Fractures of the trochanteric region of femur can be difficult to treat. This anatomic region experiences the highest tensile and compressive stresses in the human skeleton. The proximal fragment is often quiet short, offering limited opportunity for internal fixation, which must withstand these substantial forces. In subtrochanteric fracture, the proximal fragment is flexed, abducted and externally rotated due to the Iliopsos, abductor muscles, and short external rotators muscle pull. Hence, it is useful to perform an open reduction of the fracture fragments and then stabilise the proximal fragment to restore anatomical position, prior to nail insertion.
Methods: The present study consists of 20 adult patients with proximal femoral fractures of femur who were treated with PFN at Bims, Belgaum between Jan 2014 to March 2018. The fractures were classified according to Russell and Taylor classification. 20 cases were followed at regular intervals. This study was conducted with due emphasis for clinical observation and analysis of results after surgical management of peritrochanteric fractures of femur.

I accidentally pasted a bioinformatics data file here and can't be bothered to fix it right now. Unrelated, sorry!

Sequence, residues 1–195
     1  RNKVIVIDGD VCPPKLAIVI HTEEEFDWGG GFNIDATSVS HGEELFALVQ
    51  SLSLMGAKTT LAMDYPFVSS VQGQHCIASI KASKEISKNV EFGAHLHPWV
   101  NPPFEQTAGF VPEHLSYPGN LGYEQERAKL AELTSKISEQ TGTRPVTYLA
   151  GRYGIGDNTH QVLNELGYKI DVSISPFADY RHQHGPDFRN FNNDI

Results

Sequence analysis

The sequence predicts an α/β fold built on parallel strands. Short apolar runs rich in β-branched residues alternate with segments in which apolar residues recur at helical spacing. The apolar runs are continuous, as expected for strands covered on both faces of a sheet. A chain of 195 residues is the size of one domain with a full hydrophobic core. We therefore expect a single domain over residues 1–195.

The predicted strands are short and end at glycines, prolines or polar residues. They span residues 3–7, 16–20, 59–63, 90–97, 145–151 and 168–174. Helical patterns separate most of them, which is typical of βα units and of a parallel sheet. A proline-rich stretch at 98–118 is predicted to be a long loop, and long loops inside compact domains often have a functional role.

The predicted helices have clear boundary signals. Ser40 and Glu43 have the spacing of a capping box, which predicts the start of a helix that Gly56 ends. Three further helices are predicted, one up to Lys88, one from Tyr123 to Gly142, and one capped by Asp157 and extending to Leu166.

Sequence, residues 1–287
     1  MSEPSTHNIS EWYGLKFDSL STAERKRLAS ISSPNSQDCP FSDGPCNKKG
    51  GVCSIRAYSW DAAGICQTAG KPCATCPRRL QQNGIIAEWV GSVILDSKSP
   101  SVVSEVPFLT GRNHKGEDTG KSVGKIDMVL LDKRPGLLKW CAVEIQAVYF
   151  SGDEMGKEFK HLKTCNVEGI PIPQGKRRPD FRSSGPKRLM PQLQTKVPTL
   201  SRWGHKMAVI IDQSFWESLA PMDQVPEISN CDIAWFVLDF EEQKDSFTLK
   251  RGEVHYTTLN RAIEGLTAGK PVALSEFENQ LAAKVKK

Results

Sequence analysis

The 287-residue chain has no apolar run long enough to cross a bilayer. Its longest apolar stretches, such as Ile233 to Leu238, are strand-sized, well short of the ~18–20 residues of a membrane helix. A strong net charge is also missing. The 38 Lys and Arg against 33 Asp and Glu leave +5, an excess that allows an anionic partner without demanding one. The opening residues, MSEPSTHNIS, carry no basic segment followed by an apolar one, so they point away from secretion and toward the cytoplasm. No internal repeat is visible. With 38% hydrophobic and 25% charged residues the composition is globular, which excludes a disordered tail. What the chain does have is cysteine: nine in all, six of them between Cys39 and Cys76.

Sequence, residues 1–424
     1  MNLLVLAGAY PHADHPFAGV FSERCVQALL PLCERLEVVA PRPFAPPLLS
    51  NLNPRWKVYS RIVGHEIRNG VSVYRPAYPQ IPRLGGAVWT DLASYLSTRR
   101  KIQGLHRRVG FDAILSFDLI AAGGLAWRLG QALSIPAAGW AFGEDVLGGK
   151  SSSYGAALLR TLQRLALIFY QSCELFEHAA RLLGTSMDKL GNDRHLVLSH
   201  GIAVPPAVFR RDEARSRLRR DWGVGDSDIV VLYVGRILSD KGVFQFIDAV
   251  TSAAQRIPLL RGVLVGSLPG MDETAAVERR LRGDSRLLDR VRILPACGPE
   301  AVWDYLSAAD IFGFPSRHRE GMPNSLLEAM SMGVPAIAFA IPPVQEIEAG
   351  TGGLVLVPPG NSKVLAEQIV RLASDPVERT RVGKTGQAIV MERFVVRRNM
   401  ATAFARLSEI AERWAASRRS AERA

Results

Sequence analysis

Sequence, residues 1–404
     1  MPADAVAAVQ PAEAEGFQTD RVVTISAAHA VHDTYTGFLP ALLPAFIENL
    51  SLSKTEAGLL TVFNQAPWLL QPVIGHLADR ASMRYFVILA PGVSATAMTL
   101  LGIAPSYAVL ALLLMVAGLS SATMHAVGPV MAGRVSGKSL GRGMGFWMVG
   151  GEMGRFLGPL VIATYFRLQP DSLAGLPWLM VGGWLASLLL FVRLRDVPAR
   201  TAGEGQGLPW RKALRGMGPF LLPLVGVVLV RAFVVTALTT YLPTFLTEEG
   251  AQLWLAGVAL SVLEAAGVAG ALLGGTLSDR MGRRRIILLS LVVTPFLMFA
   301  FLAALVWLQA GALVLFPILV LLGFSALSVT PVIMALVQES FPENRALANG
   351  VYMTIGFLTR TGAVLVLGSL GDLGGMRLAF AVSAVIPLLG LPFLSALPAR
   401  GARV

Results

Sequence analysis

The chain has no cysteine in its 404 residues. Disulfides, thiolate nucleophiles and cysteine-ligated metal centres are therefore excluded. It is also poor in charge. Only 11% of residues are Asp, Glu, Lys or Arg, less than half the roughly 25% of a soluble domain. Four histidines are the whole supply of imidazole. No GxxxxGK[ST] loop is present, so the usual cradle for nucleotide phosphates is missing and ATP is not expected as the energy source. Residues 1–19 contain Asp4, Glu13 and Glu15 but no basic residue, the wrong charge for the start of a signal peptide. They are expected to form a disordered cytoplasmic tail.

Results: In our study of peritrochanteric fractures treated with PFN, we encountered intraoperative complications like iatrogenic fracture of lateral cortex in 2 cases (10%) due to selection of wrong entry point, failure to put derotation screw in 2 cases (10%) and guidewire breakage in 1 case (5%). Delayed complications like hip joint stiffness in 3 cases (15%), knee joint stiffness in I case (5%) and shortening of more than one cm in 1 case (5%) and delayed union in 2 cases (10%).
Conclusions: Open reduction offer advantage in preventing malalignment of peritrochanteric fractures as compared to closed reduction. From our study we conclude that PFN is a reliable implant for peritrochanteric fractures, leading to high rate of bone union restoring the anatomical alignment and reduced chance of implant failure or deformities.